"I need a way to detect this."
Welcome to the "halting problem". (Life patterns are general computers and hence determining their termination falls under the halting problem).
There's no general way to detect these loops -- While two-stage cycles are quite common, you can get three stage... and four stage...
In fact you get N length cycles with a probability of something around 1/N.
There are also sequences which don't repeat exactly, but also don't produce new information -- the famous "r-pentomino" settles down into a sea of static objects, blinkers and a couple of gliders. The blinkers/statics form a simple loop of 2, but the gliders are more problematic -- while they repeat their internal pattern, they move across the plane so the generations aren't identical.
The good news is that because life is forwardly deterministic, if you see ANY generation you've ever seen before, you know you've entered a loop.
So one simple approach might be to hash your array and keep the hashes. If you see one again, it's a loop.
It won't help you with the gliders... you'll have to get MUCH more creative with them. Note that there is an arbitrarily large set of moving-but-effectively-unchanged objects. Collectively they're call "spaceships" and there's a couple of dozen of them. (There's a catalogue at http://www.conwaylife.com/wiki/Spaceship)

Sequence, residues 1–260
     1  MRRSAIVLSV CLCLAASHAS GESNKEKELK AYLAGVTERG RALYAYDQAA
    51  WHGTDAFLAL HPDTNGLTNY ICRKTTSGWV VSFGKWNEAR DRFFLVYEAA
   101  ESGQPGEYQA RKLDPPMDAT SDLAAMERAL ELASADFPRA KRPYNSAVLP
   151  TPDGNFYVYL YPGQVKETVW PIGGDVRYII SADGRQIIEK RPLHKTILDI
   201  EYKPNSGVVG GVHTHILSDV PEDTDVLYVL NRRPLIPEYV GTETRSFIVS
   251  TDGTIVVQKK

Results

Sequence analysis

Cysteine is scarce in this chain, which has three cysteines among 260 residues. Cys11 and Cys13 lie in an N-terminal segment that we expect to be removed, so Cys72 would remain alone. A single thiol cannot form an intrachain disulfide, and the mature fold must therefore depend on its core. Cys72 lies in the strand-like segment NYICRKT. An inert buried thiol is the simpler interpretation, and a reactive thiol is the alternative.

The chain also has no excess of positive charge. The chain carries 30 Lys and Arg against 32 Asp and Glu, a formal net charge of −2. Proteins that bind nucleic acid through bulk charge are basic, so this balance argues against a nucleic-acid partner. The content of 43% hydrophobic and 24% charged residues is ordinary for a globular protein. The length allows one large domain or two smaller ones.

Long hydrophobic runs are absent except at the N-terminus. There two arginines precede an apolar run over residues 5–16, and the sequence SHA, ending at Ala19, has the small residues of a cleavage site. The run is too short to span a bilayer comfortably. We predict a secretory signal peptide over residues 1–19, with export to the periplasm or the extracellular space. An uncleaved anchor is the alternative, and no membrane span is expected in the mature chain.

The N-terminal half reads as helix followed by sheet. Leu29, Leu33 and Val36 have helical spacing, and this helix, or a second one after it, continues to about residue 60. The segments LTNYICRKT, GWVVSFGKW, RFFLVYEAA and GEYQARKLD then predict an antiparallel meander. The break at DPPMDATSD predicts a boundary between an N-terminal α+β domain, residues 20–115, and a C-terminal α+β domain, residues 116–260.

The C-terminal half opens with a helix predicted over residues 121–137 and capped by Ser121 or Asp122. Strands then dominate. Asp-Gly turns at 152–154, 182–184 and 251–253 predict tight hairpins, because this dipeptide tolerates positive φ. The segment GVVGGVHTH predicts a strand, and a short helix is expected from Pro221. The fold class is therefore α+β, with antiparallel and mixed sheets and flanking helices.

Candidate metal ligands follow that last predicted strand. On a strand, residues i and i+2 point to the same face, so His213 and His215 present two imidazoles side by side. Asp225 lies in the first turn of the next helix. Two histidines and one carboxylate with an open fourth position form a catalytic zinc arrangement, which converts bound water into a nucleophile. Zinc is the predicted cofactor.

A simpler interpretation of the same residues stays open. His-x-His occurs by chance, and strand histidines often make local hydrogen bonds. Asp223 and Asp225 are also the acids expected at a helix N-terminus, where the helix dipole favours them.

You could measure the expansion of your life frontier (the boundary of live cells) and the count of total live cells. If it steadily increases at a linear rate for more than a certain amount of time, you could conclude that you have a looping system along with a cloud of spaceships moving away from the objects. Spaceships move at known fractions of c -- a glider is c/4 and after 4 cycles it returns to the same number of cells... The problem is that if you have (say) a 5-blinker in your static objects, your loop is now 20 generations, so what you're looking for in that system is a long-term linear trend in the boundary growing at some fraction strictly less than c while the number of cells oscillates through a set of counts (which annoyingly can also be arbitrarily long...)
To emphasise there is NO general purpose solution -- it's demonstrable mathematically for this class of systems that you cannot produce one and trying to will consume periods of time bounded only by your lifespan.
You can get a "good enough for me" solution so aim for that.